Asked & Answered: Looking to make a difference Matheson ready to see results.

AuthorTeske, Ali
PositionEllen Matheson

Byline: Ali Teske

Following her military service, Ellen Matheson was ready to make a difference through a career in the law. She graduated on Sunday from Marquette Law School and will be serving as a law clerk to a judge on the U.S. Court of Appeals for the Seventh Circuit.

Matheson received her undergraduate degree from the United States Military Academy at West Point before serving active duty for five years. She spent two separate rotations in Korea and, during that time, read Evicted: Poverty and Profit in the American City by Matthew Desmond. The statistics related to the representation of landlords versus tenants in the court system influenced her decision to go to law school after her service.

During her time at Marquette, she secured a judicial internship with Judge Diane Schwerm Sykes of the Seventh Circuit and a summer clerkship with Foley & Lardner and spent time working with Norhwestern Mutual.

Matheson recently sat down with the Wisconsin Law Journal to discuss her law school journey and her hopes for her career.

WLJ: You come from a military background. What made you want to pursue a career in the law?

EM: I was nearing the end of military commitment, which was five years. The five year mark is the first time when I and many of my classmates were considering if we wanted to stay in for a bit longer or what we wanted to do. This was three years ago. When thinking about whether I wanted to stay in or get out, one thing that I had been thinking about for some time was getting into a career field that had more immediately observable impacts on the local community. I think that military service is obviously valuable and needed, but when you're actually in the military you don't always get to see the immediate effects of what you're doing. It's an abstract sort of mission. I think law is conducive to that sort of thing. You get to work on cases that are resolved in a discrete timespan for the most part, have immediate impacts on people that you know and have formed relationships with. Sometimes the cases are significant for the community as well. I felt that my interest in reading, writing, and policy and those sorts of things would translate well to law, and I would be able to have that sort of feeling that I was doing something more immediately for my community.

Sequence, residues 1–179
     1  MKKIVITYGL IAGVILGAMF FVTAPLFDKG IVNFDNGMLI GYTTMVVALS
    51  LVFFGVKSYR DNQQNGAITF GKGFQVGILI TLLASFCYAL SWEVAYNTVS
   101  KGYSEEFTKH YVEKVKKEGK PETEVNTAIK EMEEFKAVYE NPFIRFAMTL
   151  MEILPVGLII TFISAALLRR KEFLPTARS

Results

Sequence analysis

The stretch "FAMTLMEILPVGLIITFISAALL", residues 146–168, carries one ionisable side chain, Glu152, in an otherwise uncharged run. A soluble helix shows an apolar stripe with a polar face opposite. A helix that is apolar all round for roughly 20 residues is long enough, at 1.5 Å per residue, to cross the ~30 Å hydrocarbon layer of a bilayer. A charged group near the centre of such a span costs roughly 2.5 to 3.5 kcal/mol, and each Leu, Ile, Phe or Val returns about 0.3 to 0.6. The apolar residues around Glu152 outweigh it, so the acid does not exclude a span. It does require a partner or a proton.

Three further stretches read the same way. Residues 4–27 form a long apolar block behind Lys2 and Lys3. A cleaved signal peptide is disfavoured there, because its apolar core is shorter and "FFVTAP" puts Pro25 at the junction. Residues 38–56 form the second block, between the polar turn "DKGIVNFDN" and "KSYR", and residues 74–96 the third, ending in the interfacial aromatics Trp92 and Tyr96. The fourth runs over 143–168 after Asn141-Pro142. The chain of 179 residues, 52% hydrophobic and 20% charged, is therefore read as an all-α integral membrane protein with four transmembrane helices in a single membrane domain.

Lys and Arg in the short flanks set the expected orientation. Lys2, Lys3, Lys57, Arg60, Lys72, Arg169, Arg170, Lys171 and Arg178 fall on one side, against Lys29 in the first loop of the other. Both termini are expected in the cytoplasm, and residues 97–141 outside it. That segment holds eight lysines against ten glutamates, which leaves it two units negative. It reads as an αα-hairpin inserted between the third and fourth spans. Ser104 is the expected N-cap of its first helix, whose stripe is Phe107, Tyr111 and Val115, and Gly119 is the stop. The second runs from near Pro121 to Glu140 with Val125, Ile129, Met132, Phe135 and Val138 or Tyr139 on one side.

WLJ: It is a long-time coming and now you're going to graduate. What do those emotions feel like to have been thinking about this career during your service and then to...

To continue reading

Request your trial

VLEX uses login cookies to provide you with a better browsing experience. If you click on 'Accept' or continue browsing this site we consider that you accept our cookie policy. ACCEPT